Barceló are on of the big three named rum producers of the Dominican Republic. I say named because Oliver & Oliver another big Dominican rum player produce a variety of rums under various different guises.
In 1929 Spaniard Julián Barceló arrived in Santo Domingo and founded Barceló & Co. In 1974, Don Julián Barceló handed over the reins to his nephew Miguel Barceló and in 1980 Ron Barceló Imperial was born.
This is one of the more premium rums in the Barceló portfolio. Only the Imperial Onyx and 30 year Anniversary Imperial Blend are more expensive.
In the UK you will fork out around £30 for a 70cl, which has an ABV of just 38%. In Spain were the brand is very popular a bottle will cost little more than £15. Like its Dominican brother Brugal it is very prominent in Spanish Airport Duty Frees.
In order to keep the focus on this rum and not make this review too lengthy I will direct you to a very good website. This website – Dominican Rum Guide should provide you with any further information you require on rums from the Dominican Republic.
I will give some more information on the rum in this bottle though. The rum is a blend of rums aged upto 10 years. The rums are column distilled and the rum is blended and aged in Bourbon Barrels.
As you can see from the photographs the presentation is very “Premium”. Nice wide, flat stubby bottle with a huge ornate plastic emblem topped cork stopper. Quite what all the writing is about on the front – I have no idea as it is in Spanish. You also get a nice cut out box – which might not protect your rum but it looks nice. The box or bottle do not give you any information regarding the age of the rums or how its been distilled etc. I’ve had to dig that up on the net.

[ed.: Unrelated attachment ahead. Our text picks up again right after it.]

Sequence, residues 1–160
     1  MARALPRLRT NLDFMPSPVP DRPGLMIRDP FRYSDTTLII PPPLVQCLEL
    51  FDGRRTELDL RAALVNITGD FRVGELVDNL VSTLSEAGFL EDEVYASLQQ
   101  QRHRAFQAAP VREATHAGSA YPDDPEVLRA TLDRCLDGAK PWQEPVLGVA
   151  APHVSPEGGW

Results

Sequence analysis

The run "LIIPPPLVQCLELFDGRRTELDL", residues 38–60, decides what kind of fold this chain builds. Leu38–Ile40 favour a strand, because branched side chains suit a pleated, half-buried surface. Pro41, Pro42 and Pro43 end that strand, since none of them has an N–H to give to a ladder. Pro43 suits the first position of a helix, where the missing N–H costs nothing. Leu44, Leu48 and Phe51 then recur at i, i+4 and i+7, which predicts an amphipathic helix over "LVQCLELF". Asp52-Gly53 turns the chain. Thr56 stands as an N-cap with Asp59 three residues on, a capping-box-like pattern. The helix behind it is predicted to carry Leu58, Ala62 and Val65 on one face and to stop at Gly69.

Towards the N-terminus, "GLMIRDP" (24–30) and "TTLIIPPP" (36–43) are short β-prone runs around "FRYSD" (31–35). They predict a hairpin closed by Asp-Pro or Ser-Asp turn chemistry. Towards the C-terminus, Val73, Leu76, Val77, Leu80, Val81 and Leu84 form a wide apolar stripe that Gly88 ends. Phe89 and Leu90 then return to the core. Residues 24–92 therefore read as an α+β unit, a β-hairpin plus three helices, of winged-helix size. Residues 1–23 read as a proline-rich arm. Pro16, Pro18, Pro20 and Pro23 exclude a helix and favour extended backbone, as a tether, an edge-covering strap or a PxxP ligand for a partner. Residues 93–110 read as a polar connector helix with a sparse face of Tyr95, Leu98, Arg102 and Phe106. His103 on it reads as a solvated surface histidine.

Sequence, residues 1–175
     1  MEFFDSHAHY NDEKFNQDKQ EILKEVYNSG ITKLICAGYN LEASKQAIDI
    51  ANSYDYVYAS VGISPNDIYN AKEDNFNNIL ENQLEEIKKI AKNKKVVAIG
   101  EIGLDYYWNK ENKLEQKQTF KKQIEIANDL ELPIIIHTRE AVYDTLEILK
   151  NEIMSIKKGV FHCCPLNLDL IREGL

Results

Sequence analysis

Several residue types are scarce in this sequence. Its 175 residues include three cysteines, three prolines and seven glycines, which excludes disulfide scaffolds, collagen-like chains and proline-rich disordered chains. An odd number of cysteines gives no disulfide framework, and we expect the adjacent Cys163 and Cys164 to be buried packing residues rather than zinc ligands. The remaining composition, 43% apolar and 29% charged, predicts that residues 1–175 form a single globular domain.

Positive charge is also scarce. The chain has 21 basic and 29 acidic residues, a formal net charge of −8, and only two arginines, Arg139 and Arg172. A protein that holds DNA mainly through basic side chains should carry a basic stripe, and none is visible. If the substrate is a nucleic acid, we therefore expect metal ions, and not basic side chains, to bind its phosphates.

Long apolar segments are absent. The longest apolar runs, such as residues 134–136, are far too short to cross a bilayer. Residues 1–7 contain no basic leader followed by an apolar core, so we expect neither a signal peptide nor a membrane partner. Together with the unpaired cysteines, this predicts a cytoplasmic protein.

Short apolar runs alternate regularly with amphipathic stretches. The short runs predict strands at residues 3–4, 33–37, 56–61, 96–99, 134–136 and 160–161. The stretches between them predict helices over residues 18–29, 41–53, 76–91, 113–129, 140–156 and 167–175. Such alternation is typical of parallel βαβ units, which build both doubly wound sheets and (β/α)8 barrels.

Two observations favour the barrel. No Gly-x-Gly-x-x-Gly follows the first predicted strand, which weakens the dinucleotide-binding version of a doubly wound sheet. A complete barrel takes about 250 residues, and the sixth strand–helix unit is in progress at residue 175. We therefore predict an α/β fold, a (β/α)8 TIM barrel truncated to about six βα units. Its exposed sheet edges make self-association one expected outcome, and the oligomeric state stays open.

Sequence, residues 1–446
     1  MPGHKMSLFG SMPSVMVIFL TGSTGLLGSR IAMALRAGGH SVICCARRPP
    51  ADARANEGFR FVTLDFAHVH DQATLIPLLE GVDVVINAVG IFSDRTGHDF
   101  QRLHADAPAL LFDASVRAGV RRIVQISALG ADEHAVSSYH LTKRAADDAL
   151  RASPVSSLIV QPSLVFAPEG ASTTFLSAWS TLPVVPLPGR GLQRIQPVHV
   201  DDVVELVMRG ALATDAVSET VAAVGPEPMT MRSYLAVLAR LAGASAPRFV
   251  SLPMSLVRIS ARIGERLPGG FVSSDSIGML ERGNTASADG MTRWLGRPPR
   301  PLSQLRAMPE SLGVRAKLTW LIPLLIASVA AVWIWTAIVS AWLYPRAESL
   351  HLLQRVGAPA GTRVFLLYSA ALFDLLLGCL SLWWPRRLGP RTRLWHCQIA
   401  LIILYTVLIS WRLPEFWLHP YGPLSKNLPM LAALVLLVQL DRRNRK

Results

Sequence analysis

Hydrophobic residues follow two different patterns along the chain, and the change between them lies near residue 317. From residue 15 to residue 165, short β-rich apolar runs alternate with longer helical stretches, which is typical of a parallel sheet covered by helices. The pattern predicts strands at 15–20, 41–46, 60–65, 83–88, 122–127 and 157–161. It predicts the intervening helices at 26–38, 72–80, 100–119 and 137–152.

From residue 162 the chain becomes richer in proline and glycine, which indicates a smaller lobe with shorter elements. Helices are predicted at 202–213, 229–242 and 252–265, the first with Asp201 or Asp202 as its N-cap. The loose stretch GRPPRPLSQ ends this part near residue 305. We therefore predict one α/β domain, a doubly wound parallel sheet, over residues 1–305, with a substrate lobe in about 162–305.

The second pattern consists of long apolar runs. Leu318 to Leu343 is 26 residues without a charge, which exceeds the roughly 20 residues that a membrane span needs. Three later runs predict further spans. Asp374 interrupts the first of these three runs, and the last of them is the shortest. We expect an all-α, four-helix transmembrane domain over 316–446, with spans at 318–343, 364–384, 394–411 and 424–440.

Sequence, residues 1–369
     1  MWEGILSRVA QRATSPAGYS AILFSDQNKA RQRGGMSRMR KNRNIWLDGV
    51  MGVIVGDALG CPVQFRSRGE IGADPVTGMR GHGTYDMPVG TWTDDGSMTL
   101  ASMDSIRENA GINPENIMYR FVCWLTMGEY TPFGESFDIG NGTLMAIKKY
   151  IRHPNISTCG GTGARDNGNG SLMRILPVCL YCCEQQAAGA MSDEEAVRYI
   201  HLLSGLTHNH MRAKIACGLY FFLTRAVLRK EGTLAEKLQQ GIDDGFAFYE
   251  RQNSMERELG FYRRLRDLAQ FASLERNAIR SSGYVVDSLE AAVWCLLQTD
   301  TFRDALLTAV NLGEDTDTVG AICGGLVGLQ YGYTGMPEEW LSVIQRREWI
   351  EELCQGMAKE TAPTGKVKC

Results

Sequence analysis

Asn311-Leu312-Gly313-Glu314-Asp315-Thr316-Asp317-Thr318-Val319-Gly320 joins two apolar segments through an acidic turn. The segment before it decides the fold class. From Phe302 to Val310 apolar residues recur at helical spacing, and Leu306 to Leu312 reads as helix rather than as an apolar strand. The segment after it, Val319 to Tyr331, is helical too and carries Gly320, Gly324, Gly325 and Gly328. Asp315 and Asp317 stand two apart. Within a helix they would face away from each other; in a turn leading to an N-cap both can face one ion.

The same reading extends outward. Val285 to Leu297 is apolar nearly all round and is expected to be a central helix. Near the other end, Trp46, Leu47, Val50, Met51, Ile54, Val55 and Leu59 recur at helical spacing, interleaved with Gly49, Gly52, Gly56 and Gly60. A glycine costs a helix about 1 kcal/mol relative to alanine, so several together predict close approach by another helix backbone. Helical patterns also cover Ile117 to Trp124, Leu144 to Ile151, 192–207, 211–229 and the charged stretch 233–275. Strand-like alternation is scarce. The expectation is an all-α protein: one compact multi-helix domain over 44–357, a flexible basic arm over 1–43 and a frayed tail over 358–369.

For anyone familiar with rums from the Dominican Republic it will come as no surprise that this rum does show some additives when we run the Hydrometer test.
So with an ABV of just 38% next to no disclosure on what is in the bottle and some additives – Barceló are not off to the best of starts with this reviewer.
In the glass the rum looks slightly less vibrant than in the bottle. It is a reddish/golden brown but once poured in the glass it does look a little dull.
The nose is light and gentle. Vanilla, milk chocolate and refreshingly some nice oaked notes. A little twist of lemon zest. It’s quite nicely balanced but just a little bit too nice.
Which is where our good friend “sugar” seems to have made an appearance. Combined with the ABV the sugar makes this rum just a bit too weak and puny. The sugar has rounded off any rough edges but for me has also diminished the quality of the rum. I feel it could have been warmer and more fruity without the sugar.
Tasting the rum is initially quite a spicy experience. The interaction with the Bourbon oak gives the rum a very zesty tang. It’s quite spicy – especially in smaller sips. A little ginger and maybe a hint of tabasco.
After a couple of sips I start taking larger sips. Allowing the rum to coat more of the palate. As a result I’m getting a lot more of the chocolate notes and some toffee.
Unsurprisingly the rum is now pretty smooth but its not overly sweet. Having said that I still think an experienced rum taster will notice the sugar (or additives). There is still some good nicely aged oak notes in the drink though -especially in the finish which is still a little on the spicy side.
In the UK where this rums costs around £30 a bottle I wouldn’t really be looking for a mixer. However when in Spain (and Gibraltar especially) I’ve picked this rum up for little over £10. So I have mixed it with cola and found it too work pretty well. The spicy elements of the rum stand up quite nicely and it is very smooth. So a rum and cola with Barceló Imperial is pretty decent.
Back in Blighty though I wouldn’t splash another £30 on this rum. If they dropped the additives and bottled it at 40% though they might well have a better product. Which I would consider though I doubt it would ever be stellar.
It’s a perfectly serviceable easy sipping drink. There’s nothing particularly unpleasant about it. At the same time it is very safe and sadly displays too many traits that are linked to “Premium” rum. Premium rum should be an entirely different beast.